Contact lenses are now available in a number of different types of designs that can be used to correct different types of eye problems. There are toric lenses, Spherical lenses, multifocal and bifocal lenses, Monovision, and Orthokeratology.
Toric Contact Lenses:
Toric contact lenses are used to correct astigmatism. These lenses are cylindrical lenses that depend on lid interaction and gravity to rotate to the right angle to correct a bend in the cornea. Normally, the cornea is round but in astigmatism, the cornea curves unevenly in one direction. Toric lenses provide a clear vision to the people with astigmatism as the back of the contact lens perfectly conforms with the curvature of the eye. Also, the surface changes of the lens are not detectable to the person who is wearing the pair.
Toric contact lenses come in either soft or GP lenses and they can have various lens powers to correct astigmatism.
These lenses have rounded design which is the most common design. They are used to correct nearsightedness(myopia) or longsightedness (hyperopic). The spherical soft lenses are used to correct nearsightedness and farsightedness while the spherical GP lenses are good for correcting astigmatism as well in addition to farsightedness and nearsightedness.
The spherical lenses are deemed to be the safest lenses that imitate the spherical shape of your eyes. They have the same optical power all over the lens, unlike bifocal lenses, multifocal lenses, and toric contact lenses. The major drawback of spherical lenses is that they offer a more distorted image than lenses with aligned ends.
Multifocal and Bifocal Lenses:
These kinds of lenses are made for people with presbyopia. Presbyopia is an eye condition that is related to age in which the natural lens of your eye is unable to focus on near objects. It mostly affects people aged 40 and above. The crystalline lens loses elasticity whose function is to direct light inside the eye. These lenses provide two or more corrections that steadily spread throughout the lens providing corrective refraction for presbyopia.
A bifocal lens is divided into two distinct segments each having different vision power; one for near vision and the other for distance vision. These segments allow you to switch your focus from a distant object to the near ones. Although, the vision might not be clear between these two segments. Bifocal lenses are available in rigid gas permeable as well as in soft hydrogel materials. Multifocal lenses have a blend of a range of powers that provides a crisp, youthful vision. They can be bifocals, trifocals or progressive ones.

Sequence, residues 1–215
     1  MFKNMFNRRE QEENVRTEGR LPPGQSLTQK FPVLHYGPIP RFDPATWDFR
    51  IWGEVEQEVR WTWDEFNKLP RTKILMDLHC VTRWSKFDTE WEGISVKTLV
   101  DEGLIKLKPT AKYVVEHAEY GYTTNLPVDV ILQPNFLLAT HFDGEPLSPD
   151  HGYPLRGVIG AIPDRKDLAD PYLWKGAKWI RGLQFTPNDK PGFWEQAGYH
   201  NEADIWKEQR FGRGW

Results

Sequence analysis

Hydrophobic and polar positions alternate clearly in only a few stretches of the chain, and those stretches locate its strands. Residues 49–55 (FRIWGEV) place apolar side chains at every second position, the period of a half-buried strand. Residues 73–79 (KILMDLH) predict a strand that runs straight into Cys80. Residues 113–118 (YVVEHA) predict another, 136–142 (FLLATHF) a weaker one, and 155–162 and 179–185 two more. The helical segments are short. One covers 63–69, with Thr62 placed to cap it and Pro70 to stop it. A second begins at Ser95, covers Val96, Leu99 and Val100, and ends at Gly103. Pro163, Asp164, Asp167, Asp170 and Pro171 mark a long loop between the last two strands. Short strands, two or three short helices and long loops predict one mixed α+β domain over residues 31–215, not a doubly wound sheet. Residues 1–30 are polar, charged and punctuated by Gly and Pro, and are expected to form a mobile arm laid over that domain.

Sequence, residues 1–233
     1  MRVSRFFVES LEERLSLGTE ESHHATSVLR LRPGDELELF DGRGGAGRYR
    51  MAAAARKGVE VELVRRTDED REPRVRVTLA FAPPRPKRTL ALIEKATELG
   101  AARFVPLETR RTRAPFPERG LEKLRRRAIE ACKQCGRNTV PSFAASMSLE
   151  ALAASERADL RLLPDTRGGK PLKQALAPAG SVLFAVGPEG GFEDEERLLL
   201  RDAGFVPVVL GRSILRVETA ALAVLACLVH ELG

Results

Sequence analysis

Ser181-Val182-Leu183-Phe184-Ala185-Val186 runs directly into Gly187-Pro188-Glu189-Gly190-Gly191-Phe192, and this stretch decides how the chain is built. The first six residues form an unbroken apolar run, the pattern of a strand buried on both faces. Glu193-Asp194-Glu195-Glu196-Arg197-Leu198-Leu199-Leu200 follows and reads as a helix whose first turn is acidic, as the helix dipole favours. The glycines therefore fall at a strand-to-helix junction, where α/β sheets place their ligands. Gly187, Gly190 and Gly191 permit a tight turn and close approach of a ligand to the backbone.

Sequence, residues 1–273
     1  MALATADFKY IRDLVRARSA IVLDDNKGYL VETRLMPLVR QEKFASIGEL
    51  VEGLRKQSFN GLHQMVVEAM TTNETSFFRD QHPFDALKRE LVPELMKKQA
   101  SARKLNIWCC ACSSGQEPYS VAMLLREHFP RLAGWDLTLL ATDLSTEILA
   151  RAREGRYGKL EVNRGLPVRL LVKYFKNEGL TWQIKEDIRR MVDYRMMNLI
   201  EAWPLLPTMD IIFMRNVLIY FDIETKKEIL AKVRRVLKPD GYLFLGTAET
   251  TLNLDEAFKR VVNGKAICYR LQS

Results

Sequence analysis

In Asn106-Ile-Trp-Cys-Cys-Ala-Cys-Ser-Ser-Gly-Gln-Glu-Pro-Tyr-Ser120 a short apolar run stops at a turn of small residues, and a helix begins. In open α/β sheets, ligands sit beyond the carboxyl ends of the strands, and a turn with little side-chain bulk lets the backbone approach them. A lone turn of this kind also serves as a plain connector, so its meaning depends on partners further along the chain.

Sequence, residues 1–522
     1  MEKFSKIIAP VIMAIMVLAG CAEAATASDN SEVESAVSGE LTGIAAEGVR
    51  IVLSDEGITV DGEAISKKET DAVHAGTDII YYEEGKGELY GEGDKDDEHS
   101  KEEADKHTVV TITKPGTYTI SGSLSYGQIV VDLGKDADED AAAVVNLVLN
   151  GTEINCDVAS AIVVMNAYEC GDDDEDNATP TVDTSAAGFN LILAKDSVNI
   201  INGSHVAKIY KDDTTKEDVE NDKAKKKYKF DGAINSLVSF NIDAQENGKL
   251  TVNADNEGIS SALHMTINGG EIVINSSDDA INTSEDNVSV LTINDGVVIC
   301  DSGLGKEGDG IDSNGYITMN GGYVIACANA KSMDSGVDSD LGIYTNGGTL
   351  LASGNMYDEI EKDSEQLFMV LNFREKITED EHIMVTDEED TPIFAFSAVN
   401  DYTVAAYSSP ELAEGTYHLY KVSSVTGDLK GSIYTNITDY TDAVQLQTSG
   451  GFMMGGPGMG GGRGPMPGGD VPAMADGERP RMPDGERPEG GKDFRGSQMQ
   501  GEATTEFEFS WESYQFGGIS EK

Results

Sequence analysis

Today, a wide variety of creative designs are available in multifocal and bifocal lens technology. Each design of these kinds of lenses is used for different kinds of eyes and eye conditions, so the eye doctor determines which design is best for your unique eye type.
Monovision is another choice for people with presbyopia. The lens of a presbyopic eye cannot adjust to focus on both near and distant objects. Monovision involves using one lens for distant objects and the other for near objects. One eye sees the close-up items better and the other eye sees the far away items better. The brain processes a sharp image by collecting images from two signals. It takes a little time to get used to it i.e 1-2 weeks.
Those who wear long-term contact lens can wear reading glasses over the lenses to have a better vision while doing close-up tasks.
It is a process that uses specially designed lenses. These are some of the most advanced lenses. They can temporarily adjust the contour of the cornea while sleep which allows the wearers to go lens-free during the day. The reshaping of the cornea can reduce myopia. Orthokeratology lenses are made of rigid gas permeable or GP material.
Other names of Orthokeratology are ortho-k, vision shaping, corneal refractive therapy, and corneal reshaping.
The advanced technology of orthokeratology lenses to correct presbyopia and farsightednes is also available now. Research has revealed that these lenses can slow down the progression of nearsightedness.
Youngsters age 8-12 who have progressive myopia are good candidates for ortho-k lenses. They are also effective on adolescents and adults but they are more suitable for people under 40. Eye practitioners suggest orthokeratology for low to mild myopia.
These lenses are to be worn only at night. In the first two weeks, myopia will be gradually reduced and you have to wear disposable soft lenses in the day since your vision will be changing. After two weeks you can stop using lenses during the day and wear orthokeratology lenses at night only.Be sure to use these lenses in close supervision of your eye doctor and visit him regularly to ensure your eyes are adapting well and are healthy.